I recently finished leading a group of about 20 people here at our church through the book Reparations: A Christian Call for Repentance and Repair, by Duke Kwon and Gregory Thompson (Brazos Press). Both authors are pastors with advanced degrees in theology, well-grounded in the local work of reparations. Their readable, well-organized volume has received praise from across the theological spectrum, and deservedly so. It combines historical and sociological analysis of the impact of White supremacy on American lives throughout the period of European settlement and the life of the American republic. They are seeking not only to repair the damages of slavery, segregation, and discrimination against African Americans, but to take on the burden of the White supremacy that underlies these devastating crimes against humanity.
In their words: “We see it as our responsibility to acknowledge the truth of our collective history and our own culpability in it, to surface ethical resources in the Christian tradition that can help us engage the consequences of this history, and to call others in the church to take up the work of reparations in their own communities.” (185)
In their view the claim to White supremacy, whether revealed in enslavement, lynching, terrorism, or daily discriminations of all kinds, damages the very image of God that all humans bear. It is thus a kind of original, or primordial, sin that requires not merely reparations, but repentance, a turning to a new self-concept as the door to a new way of life. In a time of struggle over the very facts and meaning of our history, their call for repentance requires an honest assessment of our personal and collective past as well as a numbering of the destruction this racist arrogance has caused. It then requires, and here is the hard part, a certain kind of grace to hold both our systemic sin and the possibility of new levels of justice in the same mind. Though they don’t use this term (they are more Calvinist than Lutheran), it is a matter of “simul justus et peccator” (“simultaneously justified and a sinner”). This is hard for most Americans, because we want to slip quickly into the beneficent sunset of our social reconstruction, ignoring the way we have sabotaged the new beginnings we have seen before, whether in our Revolution or the brief eras of Reconstruction and the New Deal. It is a task, therefore, requiring humility as well as perseverance, gratitude, and hope.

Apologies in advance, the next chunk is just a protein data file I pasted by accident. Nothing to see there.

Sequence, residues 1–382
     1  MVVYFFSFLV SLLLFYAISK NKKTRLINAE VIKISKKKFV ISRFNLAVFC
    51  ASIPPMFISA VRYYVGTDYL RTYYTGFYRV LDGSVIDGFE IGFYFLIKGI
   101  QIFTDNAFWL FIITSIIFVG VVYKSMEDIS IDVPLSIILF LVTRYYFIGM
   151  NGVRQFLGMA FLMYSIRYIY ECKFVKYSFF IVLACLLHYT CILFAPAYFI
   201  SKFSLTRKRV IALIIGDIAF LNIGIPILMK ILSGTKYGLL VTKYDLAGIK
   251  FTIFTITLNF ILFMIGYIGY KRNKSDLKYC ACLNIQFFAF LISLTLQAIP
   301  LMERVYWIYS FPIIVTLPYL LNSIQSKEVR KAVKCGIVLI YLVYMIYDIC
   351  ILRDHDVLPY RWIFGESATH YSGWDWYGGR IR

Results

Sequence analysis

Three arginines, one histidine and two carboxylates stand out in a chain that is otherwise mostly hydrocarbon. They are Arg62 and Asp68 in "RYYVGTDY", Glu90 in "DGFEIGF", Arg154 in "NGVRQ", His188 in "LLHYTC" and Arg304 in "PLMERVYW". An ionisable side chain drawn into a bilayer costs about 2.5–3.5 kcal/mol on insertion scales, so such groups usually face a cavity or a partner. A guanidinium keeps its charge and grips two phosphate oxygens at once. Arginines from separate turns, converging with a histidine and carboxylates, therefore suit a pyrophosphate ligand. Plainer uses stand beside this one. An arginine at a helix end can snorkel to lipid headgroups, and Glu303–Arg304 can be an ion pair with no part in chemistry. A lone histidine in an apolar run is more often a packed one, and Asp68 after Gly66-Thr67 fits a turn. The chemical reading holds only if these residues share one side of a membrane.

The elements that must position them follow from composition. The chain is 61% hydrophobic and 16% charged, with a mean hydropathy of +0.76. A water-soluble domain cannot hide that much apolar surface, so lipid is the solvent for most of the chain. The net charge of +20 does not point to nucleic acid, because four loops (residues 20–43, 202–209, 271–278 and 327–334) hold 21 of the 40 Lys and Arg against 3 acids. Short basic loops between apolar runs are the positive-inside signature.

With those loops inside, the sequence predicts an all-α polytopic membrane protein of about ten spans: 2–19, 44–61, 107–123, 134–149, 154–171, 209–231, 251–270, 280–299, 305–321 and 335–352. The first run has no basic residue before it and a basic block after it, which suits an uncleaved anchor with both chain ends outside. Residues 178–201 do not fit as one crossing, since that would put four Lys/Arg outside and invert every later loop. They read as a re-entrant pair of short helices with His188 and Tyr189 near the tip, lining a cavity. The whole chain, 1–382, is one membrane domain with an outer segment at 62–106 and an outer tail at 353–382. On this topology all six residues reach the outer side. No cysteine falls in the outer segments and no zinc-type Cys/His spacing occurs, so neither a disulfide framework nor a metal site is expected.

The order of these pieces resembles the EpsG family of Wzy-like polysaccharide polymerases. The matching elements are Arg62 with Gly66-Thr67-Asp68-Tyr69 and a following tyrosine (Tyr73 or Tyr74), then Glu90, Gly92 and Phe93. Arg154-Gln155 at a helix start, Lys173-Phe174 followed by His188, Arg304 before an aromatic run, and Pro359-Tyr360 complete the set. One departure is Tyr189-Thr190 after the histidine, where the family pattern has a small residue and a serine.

I write this in the midst of Holy Week, in which we Christians re-live the drama in which the suffering, despised, and crucified prophetic Rabbi from the outback of Israel took all the violence of the world onto himself, that we might live into the life that swallows up death in the inexhaustible love of God. On Friday, here in our local community, we will walk down Main Street with a large cross, praying at various stations along the way. We will then gather for a lunch and discuss James Cone’s classic book, The Cross and the Lynching Tree, in which these two horrendous symbols are brought clashing into our consciousness, calling for repentance as well as new life. Regardless of whether you grab hold of Reparations or Cone’s testament, I hope we all will catch a glimpse this week of how new life emerges out of the suffering of our world.